By Sara Browning
Who doesn't love the summer? It's the perfect season for morning hikes, outdoor picnics and long, sunny afternoons at the beach. Unfortunately, our skin doesn't like the sun and fun as much as we do. Poisonous plants, insects and harmful ultraviolet sun rays could postpone your summer fun, not to mention potentially causing skin cancer!
Here are a few tips for keeping those summer "bugs" at bay.
Know Your Enemies
Poison ivy and poison sumac can be hazardous to those who love the outdoors. Knowing what these plants look like, and where and when they grow can give families a running start when it comes to prevention.
Poison sumac and poison ivy contain the same oily chemical resin -- urushiol -- that produces a rash 20 to 30 minutes after the skin has come into contact with the plant, according to WebMD.com. It can take three to four weeks for the chemical to go away.
Dr. Lucinda Buescher, assistant professor of dermatology at the Southern Illinois University School of Medicine in Springfield, says poison ivy may either appear as a tiny weed in wooded areas and gardens, or as a vine covering a building.
"Poison ivy is best known for its three-leaf configuration," she says, citing the ancient adage: Leaves of three, let them be. Poison ivy thrives during the summer, but individuals may spot the plant as early as March or as late as December.
Poison sumac, a relative of poison ivy, has long stems with paired leaves growing along the stems. White berries hang beneath the branches. Although poison sumac has been found in the Midwest, the plant exists mainly in southeastern areas that are wet and marshy, Buescher said.
Parents should take children on a hiking expedition and familiarize them with wooded areas that contain poisonous plants. When trekking the trails, hikers and campers should wear long pants and shirts to protect the skin from exposure.
But if you or your family members are exposed to poison ivy or poison sumac, the Federal Drug Administration says you should:
Clean the exposed area with rubbing alcohol.Wash the exposed area with water only. Soap can move the urushiol around the body and make the reaction worse.Take a shower with soap and warm water.Buescher says a rash may range from mild streaks to severe blisters. Oral antihistamines such as Benadryl help calm the itch. You can't spread poison ivy or poison sumac just by touching someone who's been exposed. Buescher says the blisters that appear on the skin don't contain urushiol. However, you can get a rash if you touch garden tools, clothing, pets, wood logs or other things that have come in contact with poison ivy. Wipe down tools with rubbing alcohol and wash clothes with any type of detergent to help prevent re-infection. Poisonous pests Hornets, wasps and bees can be onerous on a summer's day. Bees often leave their stingers behind in the skin, which may result in infection if not removed promptly. Stingers can be scraped away using a straight-edged object, such as a credit card, according to WebMD.com. After removing the stinger, cleanse the area with soap and warm water, and apply ice or a cold compress to reduce swelling. Effective treatments for insect bites and stings include cortisone creams and oral over-the-counter antihistamines and drugs such as ibuprofen that can provide quick relief from pain and itching, Buescher said. Parents of children who are allergic to the venom from hornet and wasp stings should be aware of warning signs that could indicate mild to severe allergic reactions. Signs may occur within seconds to minutes of a bite or sting, according to WebMD.com. Buescher says people who are allergic to venom start sneezing or have sudden anxiety or dizziness. In more severe cases, a person may break into hives, feel nauseous or experience shortness of breath, tightness in the chest or itching or swelling of the eyes, lips or other facial areas. Allergists recommend people who have severe allergic reactions carry epinephrine, a medication used to treat serious or life- threatening allergic conditions. Allergy shots may also be recommended.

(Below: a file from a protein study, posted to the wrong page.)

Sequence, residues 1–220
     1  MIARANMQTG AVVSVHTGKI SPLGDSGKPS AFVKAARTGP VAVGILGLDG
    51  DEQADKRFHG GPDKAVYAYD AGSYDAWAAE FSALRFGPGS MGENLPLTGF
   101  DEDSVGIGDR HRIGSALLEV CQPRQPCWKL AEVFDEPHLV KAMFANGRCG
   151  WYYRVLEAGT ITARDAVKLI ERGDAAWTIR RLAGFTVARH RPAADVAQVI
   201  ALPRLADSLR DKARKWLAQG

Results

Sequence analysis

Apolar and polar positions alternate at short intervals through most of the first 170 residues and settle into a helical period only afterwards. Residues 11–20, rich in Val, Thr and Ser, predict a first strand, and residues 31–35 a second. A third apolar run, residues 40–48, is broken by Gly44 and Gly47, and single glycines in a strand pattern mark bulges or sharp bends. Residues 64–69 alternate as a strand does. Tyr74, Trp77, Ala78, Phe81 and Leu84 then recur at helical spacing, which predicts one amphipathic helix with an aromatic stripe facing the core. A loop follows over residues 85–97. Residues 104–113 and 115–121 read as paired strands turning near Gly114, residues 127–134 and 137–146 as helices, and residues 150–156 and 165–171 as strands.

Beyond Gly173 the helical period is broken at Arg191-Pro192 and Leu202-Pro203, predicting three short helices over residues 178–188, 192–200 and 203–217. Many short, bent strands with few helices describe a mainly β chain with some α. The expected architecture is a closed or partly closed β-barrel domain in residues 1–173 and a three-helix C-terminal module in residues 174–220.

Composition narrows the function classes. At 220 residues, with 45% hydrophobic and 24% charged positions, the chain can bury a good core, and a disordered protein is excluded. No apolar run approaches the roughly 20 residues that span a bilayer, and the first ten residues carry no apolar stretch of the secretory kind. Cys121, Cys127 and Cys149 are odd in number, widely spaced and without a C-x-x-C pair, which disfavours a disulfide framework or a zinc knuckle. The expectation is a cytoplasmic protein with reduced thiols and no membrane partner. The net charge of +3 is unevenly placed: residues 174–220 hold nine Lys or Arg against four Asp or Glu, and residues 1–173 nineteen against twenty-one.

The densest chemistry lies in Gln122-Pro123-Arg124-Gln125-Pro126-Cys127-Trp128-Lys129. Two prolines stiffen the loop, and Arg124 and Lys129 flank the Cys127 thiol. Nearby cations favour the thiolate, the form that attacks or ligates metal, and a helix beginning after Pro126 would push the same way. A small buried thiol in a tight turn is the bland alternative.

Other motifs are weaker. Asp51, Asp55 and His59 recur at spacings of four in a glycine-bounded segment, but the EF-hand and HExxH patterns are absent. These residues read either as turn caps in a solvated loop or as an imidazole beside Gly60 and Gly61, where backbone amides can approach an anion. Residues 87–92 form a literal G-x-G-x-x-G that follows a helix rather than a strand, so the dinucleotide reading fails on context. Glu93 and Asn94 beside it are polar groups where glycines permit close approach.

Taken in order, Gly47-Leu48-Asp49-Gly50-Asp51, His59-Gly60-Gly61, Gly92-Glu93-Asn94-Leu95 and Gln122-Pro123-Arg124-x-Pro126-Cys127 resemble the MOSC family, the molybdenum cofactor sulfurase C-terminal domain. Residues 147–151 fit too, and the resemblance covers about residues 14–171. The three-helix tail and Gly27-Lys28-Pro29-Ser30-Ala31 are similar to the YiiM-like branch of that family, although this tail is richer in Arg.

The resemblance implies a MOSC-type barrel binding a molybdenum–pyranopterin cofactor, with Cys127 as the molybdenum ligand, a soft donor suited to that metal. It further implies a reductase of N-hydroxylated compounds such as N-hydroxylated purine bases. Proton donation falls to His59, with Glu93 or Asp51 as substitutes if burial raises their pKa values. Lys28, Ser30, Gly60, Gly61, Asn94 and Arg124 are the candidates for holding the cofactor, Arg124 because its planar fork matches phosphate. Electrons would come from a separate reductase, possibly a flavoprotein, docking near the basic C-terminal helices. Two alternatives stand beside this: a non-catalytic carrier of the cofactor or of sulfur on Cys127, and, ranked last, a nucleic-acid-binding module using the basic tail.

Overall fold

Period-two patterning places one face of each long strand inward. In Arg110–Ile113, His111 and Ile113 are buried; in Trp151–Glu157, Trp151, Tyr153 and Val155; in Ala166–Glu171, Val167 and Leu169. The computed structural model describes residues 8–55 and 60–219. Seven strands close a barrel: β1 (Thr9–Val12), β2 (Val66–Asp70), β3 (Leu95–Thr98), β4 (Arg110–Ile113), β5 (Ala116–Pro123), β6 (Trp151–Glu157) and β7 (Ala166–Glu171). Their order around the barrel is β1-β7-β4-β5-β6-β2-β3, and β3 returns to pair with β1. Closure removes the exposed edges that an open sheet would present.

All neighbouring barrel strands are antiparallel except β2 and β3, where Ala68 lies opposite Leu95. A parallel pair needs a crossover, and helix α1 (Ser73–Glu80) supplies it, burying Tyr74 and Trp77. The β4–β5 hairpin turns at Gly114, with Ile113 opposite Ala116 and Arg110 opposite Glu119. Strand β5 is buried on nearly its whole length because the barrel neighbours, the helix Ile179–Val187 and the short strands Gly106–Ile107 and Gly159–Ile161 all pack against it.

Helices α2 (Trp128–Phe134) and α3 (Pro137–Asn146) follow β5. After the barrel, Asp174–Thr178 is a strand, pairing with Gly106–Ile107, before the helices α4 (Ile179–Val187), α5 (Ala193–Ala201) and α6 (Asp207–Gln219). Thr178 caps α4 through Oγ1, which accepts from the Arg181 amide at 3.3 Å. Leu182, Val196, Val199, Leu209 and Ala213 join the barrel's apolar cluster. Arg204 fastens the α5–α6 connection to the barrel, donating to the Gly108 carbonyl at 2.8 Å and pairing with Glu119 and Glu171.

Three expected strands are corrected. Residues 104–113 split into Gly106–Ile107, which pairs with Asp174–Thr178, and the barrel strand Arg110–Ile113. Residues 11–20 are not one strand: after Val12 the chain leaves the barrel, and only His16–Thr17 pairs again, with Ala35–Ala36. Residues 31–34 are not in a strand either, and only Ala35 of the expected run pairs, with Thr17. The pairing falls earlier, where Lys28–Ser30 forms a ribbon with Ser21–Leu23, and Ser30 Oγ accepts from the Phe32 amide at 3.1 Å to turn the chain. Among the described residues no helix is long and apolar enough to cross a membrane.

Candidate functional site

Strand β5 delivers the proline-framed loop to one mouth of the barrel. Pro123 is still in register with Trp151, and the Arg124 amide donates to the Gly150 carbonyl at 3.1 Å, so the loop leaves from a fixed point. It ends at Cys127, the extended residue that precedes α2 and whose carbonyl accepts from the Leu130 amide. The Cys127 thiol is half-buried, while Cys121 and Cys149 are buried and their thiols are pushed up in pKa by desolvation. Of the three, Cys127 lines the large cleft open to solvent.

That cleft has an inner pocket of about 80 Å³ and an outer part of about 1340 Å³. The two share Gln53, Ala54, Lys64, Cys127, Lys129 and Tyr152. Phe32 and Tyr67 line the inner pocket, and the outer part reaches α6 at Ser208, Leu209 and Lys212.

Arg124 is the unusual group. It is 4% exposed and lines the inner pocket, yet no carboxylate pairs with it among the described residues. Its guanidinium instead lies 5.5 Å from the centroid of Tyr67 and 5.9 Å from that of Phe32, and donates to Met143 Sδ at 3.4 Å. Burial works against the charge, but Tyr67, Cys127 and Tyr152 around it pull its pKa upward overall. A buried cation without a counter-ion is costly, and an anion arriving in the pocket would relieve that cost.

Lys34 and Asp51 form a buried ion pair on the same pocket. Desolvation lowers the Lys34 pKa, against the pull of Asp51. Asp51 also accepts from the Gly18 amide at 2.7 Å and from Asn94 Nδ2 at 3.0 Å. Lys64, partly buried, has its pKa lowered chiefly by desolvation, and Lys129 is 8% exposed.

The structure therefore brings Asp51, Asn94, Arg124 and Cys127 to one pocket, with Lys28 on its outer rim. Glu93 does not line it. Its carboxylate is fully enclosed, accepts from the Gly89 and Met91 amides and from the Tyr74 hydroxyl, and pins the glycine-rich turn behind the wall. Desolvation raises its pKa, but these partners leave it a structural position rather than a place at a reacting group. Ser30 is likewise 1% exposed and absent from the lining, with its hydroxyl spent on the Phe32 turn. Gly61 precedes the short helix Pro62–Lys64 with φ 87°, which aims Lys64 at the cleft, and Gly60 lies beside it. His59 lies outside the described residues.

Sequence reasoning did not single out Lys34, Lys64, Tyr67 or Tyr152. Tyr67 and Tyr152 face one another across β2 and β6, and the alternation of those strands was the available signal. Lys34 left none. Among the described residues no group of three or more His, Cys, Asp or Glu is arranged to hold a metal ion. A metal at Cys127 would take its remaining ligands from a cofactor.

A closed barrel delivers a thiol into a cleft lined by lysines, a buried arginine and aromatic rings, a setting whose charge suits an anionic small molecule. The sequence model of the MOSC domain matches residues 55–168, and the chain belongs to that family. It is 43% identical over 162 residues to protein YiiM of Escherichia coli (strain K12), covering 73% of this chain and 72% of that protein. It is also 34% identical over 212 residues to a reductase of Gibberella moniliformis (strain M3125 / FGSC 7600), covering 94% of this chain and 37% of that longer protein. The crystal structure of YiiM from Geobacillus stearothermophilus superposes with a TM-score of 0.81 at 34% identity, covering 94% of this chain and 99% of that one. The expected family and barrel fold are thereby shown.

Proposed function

Sun DamageIt may be relaxing to hang out by the pool, but you could be easy prey for sunburns if you're not careful. Common symptoms include hot, reddish skin, sensitivity to sunlight and flaking skin. More severe burns may result in swelling of the infected area, chills, fever, shock, hypersensitivity to light and decreased visual clarity. Seek medical care if you experience a fever of 102 degrees Fahrenheit or higher, nausea, vomiting, dizziness, severe pain or blistering, according to WebMD.com. Effective treatments for sunburns include cool tap water soaks and anti-inflammatory agents, Buescher says. Sunburn victims may also apply an over-the-counter remedies containing aloe vera, or use a light moisturizer to relieve chaffing. Using an OTC topical steroid cream, such as Cortaid, will help relieve the pain. To avoid sunburns, wear long-sleeved clothing in muted colors, ultraviolet-protected sunglasses and a hat with a 3-inch brim that covers the eyes and the back of the head. "Avoid the most intense hours of sunlight between 10 a.m. and 3 p.m.," Buescher says. "Apply sunscreen 20-30 minutes prior to going outdoors, and use the highest SPF (sun protection factor) level you can tolerate. Reapply the sunscreen every 90 to 120 minutes." Higher SPF numbers indicate greater protection. If you have light- colored skin, use a higher SPF rating. Most doctors recommend a sunscreen SPF level of 30 or greater. // var ranNum = Math.round(Math.random()*1000000); document.write('http://content.yellowbrix.com/images/content/cimage.nsp?ctype=full_story&story_id=146077683&id=thirdage&ip_id=ProQuest&source_id=State+Journal+Register&category=Healthcare&random=' + (ranNum));// ]]>//